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While messing around with target attributes I couldn't help but notice it didn't make any difference what I put in the value part. Initially I put target="blank" instead of target="_blank" and it seemed to still work fine, so I thought I'd test it out and tried target="speedboat" and again it made no difference. Also it only opens a new tab in the browser, what about if I want it to open in a separate window? Or am I getting ahead of myself.Edit: And should I not bother spending too much time on moving framesets? I can't remember ever going to a website where they were used and assume there's a reason for that.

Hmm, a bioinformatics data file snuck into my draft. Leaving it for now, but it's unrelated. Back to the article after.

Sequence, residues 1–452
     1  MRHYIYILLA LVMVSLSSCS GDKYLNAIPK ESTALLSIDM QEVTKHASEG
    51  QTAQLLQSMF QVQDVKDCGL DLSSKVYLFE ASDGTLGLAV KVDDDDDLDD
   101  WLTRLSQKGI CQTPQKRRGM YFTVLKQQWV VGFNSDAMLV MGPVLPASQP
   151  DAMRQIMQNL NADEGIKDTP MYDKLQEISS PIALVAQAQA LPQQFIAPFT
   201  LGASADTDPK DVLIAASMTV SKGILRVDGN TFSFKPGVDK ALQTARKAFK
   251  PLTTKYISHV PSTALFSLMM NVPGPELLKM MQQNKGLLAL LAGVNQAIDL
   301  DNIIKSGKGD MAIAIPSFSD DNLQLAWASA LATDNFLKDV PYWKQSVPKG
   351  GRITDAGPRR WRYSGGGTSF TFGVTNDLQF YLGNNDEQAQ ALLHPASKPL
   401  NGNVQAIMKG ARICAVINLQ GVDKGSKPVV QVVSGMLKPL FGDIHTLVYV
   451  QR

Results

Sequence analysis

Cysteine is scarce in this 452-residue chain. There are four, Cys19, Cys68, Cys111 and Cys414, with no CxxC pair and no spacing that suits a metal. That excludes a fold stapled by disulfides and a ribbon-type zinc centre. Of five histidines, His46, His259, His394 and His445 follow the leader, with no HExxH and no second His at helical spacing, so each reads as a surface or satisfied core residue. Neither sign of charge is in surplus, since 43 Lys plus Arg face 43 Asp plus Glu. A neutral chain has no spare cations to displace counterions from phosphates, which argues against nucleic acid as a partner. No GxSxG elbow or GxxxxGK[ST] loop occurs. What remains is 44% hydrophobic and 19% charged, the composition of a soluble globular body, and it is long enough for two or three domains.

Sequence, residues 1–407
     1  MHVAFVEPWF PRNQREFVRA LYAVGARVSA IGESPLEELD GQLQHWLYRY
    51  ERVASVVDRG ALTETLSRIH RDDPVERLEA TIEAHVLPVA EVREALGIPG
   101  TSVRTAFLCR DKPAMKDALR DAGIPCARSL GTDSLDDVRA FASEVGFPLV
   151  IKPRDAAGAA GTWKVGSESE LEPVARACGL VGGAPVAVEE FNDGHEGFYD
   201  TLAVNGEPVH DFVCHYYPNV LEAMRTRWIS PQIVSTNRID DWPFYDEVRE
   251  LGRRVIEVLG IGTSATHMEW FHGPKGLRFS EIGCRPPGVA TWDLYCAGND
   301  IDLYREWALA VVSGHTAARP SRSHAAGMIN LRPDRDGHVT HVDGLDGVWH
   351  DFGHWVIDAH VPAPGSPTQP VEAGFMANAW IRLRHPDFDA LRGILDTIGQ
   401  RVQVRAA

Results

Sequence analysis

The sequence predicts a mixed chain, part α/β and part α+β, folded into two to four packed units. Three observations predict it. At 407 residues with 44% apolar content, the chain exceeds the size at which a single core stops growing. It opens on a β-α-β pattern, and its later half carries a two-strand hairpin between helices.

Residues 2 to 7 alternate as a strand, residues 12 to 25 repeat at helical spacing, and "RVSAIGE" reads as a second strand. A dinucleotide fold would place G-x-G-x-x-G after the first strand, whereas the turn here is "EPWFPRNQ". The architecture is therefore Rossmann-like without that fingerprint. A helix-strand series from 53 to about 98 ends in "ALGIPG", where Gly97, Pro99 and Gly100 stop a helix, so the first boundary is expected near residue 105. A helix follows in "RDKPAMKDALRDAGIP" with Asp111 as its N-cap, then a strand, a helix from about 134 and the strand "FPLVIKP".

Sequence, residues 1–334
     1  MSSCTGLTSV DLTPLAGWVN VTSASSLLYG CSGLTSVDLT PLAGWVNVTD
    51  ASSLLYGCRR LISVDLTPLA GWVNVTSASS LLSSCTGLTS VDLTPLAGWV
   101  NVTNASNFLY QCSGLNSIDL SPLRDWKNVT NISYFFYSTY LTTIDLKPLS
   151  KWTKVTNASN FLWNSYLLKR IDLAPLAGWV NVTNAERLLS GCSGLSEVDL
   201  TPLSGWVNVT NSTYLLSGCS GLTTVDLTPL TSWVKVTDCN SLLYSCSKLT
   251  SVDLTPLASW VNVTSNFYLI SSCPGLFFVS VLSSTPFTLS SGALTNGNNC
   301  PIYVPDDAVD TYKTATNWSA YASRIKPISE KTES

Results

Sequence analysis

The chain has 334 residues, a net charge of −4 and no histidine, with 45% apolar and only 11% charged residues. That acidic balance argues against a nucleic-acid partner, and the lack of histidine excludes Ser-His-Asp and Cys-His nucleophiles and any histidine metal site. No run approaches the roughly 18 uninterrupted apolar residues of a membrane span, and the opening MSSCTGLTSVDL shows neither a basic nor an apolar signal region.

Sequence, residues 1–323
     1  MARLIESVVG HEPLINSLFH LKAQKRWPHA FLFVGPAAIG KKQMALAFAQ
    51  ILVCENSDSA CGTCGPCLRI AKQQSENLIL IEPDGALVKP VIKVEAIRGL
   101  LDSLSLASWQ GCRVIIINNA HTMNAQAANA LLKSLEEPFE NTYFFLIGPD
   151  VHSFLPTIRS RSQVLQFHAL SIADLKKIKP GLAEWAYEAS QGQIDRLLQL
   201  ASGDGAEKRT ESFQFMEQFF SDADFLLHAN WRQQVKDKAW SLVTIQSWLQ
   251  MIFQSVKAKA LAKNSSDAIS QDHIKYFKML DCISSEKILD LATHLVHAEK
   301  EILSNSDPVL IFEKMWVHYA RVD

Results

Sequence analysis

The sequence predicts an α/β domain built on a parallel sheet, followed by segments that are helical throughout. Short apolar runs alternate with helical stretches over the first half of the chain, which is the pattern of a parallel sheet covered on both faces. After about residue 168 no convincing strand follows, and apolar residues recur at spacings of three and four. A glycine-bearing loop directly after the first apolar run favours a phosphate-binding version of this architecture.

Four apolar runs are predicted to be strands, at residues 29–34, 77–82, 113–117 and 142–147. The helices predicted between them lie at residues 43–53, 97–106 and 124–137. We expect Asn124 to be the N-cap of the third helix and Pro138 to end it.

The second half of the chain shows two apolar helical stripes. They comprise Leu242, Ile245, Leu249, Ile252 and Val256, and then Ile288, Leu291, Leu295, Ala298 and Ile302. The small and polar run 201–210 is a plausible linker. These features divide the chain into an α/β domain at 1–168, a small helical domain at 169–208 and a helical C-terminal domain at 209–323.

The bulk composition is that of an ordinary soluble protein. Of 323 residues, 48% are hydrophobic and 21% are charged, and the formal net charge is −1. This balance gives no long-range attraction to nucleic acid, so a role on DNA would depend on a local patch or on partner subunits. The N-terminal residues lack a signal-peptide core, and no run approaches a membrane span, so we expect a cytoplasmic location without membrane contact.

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I'm not 100% sure, and there's a big chance I might be wrong, but _blank opens the link in a new window/tab (IT USES BROWSER'S DEFAULT), and a wrong value (like speedboat) uses browser's default.For separate window, there have to be Pop-Ups.